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Girl Meets Boy

Girl Meets Boy by Ali Smith

And it was always the stories that needed the telling that gave us the rope we could cross any river with. They balanced us high above any crevasse. They made us be natural acrobats. They made us brave. They met us well. They changed us. It was in their nature to.
from ‘Girl Meets Boy‘ by Ali Smith

It’s been such a good reading year; I’ve been pulled from one book straight into the next, hit after hit. But then, just like that, nothing was working. I started stalling part-way through books — the middle of A Sport and a Pastime; the start of Siri Hustvedt’s The Blazing World, which I was enjoying, but couldn’t commit to. Somehow the joy had gone. And once the joy had gone, I found less and less time to read. I re-read ‘The Lady with the Dog‘. Twice. I felt like I could keep re-reading Chekhov forever. But then I remembered Ali Smith, and the joy was back.

How could I have forgotten the light, playful, exuberant texture of her work? The way she makes words dance and fizz? How she can make even a single short sentence into something unexpected and tingling: ‘I went outside mournful, and I hit pure air.’?

Girl Meets Boy is part of the Canongate Myths series: a modern re-working of the myth of Iphis and Ianthe from Ovid’s Metamorphoses. Iphis, a girl brought up as a boy, is changed into a boy by the goddess Isis on the eve of her/his marriage to Ianthe. Smith’s version has a fairytale feel that swept me off my feet from its opening line: ‘Let me tell you about when I was a girl, our grandfather says.’ Well, who could resist that? Girl Meets Boy has more than a little of a Shakespearian comedy about it — genders blur and merge; doubles and puns abound. But beneath the dazzling surface of her words, Smith lays a steely core of morality and of political engagement in its most human terms.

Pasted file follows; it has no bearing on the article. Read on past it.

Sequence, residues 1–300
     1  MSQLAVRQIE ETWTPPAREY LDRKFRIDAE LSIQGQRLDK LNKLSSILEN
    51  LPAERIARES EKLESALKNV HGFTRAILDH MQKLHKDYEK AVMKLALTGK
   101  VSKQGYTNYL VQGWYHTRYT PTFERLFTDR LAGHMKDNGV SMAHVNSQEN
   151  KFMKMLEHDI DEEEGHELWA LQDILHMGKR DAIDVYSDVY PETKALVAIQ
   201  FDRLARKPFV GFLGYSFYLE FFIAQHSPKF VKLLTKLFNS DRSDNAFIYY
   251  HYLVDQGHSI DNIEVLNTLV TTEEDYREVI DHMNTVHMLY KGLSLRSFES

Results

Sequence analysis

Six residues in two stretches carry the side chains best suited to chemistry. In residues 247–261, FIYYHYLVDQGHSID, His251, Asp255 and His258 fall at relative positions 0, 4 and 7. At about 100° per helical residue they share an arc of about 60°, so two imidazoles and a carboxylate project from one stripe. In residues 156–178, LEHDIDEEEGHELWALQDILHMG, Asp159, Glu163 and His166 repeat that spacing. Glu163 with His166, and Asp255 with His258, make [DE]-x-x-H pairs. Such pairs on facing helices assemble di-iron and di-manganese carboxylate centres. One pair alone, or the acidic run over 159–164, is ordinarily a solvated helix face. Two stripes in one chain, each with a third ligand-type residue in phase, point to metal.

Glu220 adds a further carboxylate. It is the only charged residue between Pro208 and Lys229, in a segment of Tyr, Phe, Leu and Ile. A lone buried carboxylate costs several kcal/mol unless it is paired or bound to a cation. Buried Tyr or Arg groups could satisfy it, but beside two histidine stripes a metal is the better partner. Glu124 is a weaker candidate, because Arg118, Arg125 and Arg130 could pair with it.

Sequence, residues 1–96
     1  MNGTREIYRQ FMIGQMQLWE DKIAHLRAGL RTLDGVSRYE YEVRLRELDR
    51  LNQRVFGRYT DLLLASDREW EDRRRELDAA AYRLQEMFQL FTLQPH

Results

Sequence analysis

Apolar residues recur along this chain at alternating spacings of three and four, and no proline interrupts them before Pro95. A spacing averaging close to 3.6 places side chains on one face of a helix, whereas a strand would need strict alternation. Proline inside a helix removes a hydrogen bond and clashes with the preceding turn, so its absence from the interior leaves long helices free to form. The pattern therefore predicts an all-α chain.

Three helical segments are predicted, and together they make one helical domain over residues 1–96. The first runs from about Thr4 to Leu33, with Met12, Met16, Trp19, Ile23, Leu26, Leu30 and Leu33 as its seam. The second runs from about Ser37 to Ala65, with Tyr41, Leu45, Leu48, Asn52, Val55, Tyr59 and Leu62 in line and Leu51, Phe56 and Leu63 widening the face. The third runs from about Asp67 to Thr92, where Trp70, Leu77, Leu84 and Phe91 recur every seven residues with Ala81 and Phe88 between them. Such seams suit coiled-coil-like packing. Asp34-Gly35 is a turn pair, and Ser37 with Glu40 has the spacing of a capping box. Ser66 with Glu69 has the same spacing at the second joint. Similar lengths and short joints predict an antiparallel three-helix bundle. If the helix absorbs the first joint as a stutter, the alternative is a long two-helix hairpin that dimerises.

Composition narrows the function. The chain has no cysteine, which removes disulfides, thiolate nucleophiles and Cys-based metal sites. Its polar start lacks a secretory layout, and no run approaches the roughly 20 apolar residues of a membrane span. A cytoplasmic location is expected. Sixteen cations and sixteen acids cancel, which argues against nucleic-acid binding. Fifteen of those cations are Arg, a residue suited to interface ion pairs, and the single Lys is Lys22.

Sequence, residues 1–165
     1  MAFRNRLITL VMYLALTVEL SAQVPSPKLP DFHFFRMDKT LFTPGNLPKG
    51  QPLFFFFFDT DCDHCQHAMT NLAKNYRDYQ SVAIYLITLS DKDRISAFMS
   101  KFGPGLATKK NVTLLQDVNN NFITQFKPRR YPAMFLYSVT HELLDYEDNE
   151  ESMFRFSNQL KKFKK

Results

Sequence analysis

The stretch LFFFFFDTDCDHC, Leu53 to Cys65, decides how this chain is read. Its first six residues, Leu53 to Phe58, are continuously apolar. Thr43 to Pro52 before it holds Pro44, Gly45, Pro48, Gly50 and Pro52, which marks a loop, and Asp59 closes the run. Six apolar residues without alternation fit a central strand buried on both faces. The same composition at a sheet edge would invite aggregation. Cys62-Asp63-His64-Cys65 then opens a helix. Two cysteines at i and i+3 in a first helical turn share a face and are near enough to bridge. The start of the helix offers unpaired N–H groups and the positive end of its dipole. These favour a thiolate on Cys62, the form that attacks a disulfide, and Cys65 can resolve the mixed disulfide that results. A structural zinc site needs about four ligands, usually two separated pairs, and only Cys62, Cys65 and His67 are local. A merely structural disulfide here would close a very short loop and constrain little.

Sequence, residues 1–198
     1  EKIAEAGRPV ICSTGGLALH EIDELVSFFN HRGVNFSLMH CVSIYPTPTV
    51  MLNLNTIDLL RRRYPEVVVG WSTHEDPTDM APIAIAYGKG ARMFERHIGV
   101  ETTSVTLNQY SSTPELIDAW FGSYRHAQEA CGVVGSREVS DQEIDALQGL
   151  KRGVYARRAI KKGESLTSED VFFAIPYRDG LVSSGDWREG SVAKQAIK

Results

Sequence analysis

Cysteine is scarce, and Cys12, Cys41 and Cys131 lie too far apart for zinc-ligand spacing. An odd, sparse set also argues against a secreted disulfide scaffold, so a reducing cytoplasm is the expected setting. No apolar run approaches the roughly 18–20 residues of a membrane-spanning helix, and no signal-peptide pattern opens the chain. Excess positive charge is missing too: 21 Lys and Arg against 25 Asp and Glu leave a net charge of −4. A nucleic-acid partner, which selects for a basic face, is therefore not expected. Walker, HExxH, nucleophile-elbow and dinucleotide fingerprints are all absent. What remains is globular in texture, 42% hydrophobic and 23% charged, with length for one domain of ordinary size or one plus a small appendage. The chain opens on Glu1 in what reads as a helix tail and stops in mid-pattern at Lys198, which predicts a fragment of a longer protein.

And the sex! Did I mention the sex? (Am I going to receive a surge of misguided readers if I mention sex three times in a row?) But it really is the best sex I can remember reading — swirling, associative, dazzling, shape-shifting, playful, climactic! — here’s a just a snippet,

Her beautiful head was down at my breast, she caught me between her teeth just once, she put the nip into nipple like the cub of a fox would, down we went, no wonder they call it an earth, it was loamy, it was good, it was what good meant, it was earthy, it was what earth meant, it was the underground of everything, the kind of soil that cleans things.

— Ali Smith was nominated for the Literary Review’s Bad Sex award for it, so maybe it all depends on taste. But writing about sex is perhaps bound to be laughable out of context — and possibly you just have to write any extended sex scene in literary fiction to find yourself on the Bad Sex award shortlist (in so many novels sex is elided, glossed over rather than dramatised). Anyway, she didn’t win (Norman Mailer did).

And this isn’t meant to be about the joy of sex, but the joy of reading, the seductive joy of storytelling, the joy of ‘the stories that needed the telling that gave us the rope to cross any river with’. I’m so happy to have that joy back.

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